Smartphones are valuable tools that bring the world to your fingertips. You can do just about anything from your smartphone device including research, shopping, email, and managing your finances. With over 310 million smartphone users in the United States and over 6 billion smartphone users in the world today, it's important to protect your devices and data from thieves who use these same devices with malicious intent. To help, we're sharing common types of smartphone hacks, signs your phone may have been hacked, and how to secure your phone from hacks.
Your smartphone holds some of your most sensitive personal information — passwords, account numbers, emails, text messages, and more. Cybercriminals deploy a number of tactics to hack into phones and unleash viruses and other malware to gain access to your device. Here are some common types of smartphone hacks:
Apps can come with malicious software or malware attached. These apps often seem useful or entertaining on the surface but are designed to monitor your phone use and hijack your personal data.
Fake Wi-Fi Networks
Using public Wi-Fi networks isn't always safe. In addition, hackers can mimic legitimate networks to redirect you through their computer or smartphone. From there, they can view your activity and steal your data.
A text, email, or message urging you to claim a prize or check tracking for something you didn't order is likely a phishing scam. These messages will typically try to lure you to a phony website containing harmful downloads or where you'll be prompted to enter sensitive information.
SIM Swapping occurs when a fraudster pretends to be you and calls your cell service provider to request they activate a new SIM card for a phone that they own. If the fraudster is successful, they will receive all of your calls, messages, and data on their phone.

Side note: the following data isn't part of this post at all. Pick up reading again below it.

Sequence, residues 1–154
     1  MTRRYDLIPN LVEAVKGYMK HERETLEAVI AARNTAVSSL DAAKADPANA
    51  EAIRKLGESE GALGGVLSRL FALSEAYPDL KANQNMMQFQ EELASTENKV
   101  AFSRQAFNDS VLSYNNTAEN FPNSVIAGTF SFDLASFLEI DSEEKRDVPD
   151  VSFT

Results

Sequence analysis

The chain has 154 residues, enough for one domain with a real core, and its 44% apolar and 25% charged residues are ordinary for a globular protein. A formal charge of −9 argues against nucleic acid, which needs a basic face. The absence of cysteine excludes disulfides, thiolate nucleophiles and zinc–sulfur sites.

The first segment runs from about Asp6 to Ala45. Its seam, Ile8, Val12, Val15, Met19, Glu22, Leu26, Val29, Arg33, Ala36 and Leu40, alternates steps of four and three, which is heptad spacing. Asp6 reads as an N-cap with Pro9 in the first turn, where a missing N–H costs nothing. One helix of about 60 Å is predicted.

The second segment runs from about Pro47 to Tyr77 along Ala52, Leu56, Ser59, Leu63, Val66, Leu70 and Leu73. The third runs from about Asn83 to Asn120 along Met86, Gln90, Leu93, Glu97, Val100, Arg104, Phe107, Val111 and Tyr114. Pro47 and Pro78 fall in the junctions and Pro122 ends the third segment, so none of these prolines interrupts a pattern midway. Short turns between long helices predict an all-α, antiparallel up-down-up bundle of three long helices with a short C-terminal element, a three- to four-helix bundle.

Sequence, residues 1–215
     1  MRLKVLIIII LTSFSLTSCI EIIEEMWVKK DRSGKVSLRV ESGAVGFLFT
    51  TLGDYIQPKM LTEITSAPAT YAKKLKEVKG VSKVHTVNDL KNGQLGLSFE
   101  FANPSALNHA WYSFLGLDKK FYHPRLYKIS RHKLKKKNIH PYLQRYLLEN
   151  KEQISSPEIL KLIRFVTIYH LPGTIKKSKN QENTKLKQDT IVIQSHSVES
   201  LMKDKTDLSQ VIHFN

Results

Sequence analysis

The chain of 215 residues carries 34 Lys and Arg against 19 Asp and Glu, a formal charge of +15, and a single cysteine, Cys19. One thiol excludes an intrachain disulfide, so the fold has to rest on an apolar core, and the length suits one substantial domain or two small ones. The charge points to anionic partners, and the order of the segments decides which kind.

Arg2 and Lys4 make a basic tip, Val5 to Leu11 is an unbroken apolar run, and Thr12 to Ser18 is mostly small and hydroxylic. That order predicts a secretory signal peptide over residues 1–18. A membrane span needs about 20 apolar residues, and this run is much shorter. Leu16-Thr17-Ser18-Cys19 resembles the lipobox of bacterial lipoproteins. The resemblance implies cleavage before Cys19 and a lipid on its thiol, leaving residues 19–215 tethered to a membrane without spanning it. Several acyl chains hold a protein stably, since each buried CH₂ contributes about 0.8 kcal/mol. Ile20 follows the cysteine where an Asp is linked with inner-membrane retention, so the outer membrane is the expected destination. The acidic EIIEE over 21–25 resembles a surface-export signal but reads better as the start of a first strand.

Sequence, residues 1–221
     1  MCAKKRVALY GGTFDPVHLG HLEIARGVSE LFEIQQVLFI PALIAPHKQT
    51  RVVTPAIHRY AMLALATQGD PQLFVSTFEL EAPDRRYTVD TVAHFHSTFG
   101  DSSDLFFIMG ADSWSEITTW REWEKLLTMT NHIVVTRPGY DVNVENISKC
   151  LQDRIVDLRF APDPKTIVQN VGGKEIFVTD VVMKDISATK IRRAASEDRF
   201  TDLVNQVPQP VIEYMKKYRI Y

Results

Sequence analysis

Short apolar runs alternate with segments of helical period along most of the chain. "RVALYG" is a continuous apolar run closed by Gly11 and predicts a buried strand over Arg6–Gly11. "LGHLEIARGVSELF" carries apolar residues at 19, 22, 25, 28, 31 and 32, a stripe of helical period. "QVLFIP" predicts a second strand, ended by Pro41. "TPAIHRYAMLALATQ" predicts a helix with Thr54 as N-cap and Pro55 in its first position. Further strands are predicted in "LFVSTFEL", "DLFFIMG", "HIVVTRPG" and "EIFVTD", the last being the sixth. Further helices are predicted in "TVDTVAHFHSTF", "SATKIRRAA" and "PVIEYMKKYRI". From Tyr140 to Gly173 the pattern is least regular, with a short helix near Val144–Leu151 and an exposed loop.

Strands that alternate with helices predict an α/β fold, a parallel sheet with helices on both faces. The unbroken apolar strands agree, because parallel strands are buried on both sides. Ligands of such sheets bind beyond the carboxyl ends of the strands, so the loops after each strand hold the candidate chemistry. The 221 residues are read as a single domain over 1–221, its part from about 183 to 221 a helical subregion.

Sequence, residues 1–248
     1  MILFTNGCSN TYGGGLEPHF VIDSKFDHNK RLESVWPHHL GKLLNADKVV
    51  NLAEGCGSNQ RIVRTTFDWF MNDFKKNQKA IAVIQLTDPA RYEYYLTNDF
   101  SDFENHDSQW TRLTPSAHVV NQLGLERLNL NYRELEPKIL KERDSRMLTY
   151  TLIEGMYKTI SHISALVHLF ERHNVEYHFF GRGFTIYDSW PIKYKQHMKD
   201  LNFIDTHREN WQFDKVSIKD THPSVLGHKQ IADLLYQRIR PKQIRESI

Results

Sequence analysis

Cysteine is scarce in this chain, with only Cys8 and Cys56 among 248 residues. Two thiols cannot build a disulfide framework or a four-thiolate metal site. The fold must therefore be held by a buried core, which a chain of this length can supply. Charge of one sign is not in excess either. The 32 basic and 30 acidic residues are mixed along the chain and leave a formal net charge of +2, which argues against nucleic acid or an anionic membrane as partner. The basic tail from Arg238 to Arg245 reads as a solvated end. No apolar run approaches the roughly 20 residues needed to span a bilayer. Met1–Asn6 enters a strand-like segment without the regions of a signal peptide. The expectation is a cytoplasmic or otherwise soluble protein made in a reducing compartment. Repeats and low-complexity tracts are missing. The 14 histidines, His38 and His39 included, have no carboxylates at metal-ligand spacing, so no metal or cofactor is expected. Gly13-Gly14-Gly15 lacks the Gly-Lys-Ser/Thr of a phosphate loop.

While methods of hacking may differ, there are a few giveaways that could indicate that your phone has been compromised:
- Your phone doesn't hold a charge or loses battery quickly
- The apps on your phone take longer to load
- Your phone runs much slower than normal
- You receive an excessive amount of pop-ups
- Apps that you did not download appear
- There is an occurence of unexplained data usage
- You receive a higher phone bill than you normally would
Securing your smartphone from hackers starts with keeping your device with you at all times. You should also make it a point to:
Lock Your Phone.
While it may seem like an inconvenience, setting your phone to lock when you're not using it can save you a ton of worry if your device is ever lost or stolen. You should use at least a 6-digit passcode to lock your phone. Your device may also allow you to lock and unlock your phone with your fingerprint, retina, or face.
Update Your Operating System (OS) and Apps.Updates to your OS often include critical software and patches that protect against security threats. To make certain your device's operating system stays up-to-date, set your phone to update automatically. Along with keeping your OS updated, you should also make sure your apps are updated.
Be Selective With Apps You Download and Use.
There are millions of apps to choose from on Google Play and the App Store, but not all apps are created equally. Having an overabundance of apps installed on your device not only eats up storage and drains your battery, it also broadens the number of entities who have access to your data whether legally or illegally. Before you download any app on your phone:
- Find out if the information the app requests access to seems relevant to its purpose
- Research online, check reviews, and don't use apps with a lot of negative comments from users
Use Caution When Connecting to Public Wi-Fi.
Public Wi-Fi may seem convenient, but it isn't always secure. Cybercriminals can victimize unsuspecting users with a fake Wi-Fi network or by employing what is referred to as a man-in-the-middle attack (MITM). A MITM attack occurs when a perpetrator positions themselves in the middle of two parties — the user and an application — to intercept communications and data to use for malicious purposes like hacking or making unauthorized purchases. It is best to avoid connecting to public Wi-Fi networks altogether, but if you must, use a reputable VPN service and avoid online shopping, mobile banking, and other activities that could expose your personal information.
Back Up Your Data.
Make it common practice to back up your phone to your computer or your cloud service. This will help ensure you'll still have access to your personal information if your device is lost or stolen.
Know How to Find Your Device.
Mobile operating systems have a program to help you find your phone, lock it, or erase data on your phone if it's lost or stolen. You should enable this feature in your device settings and familiarize yourself with how it works on your Android or iPhone.
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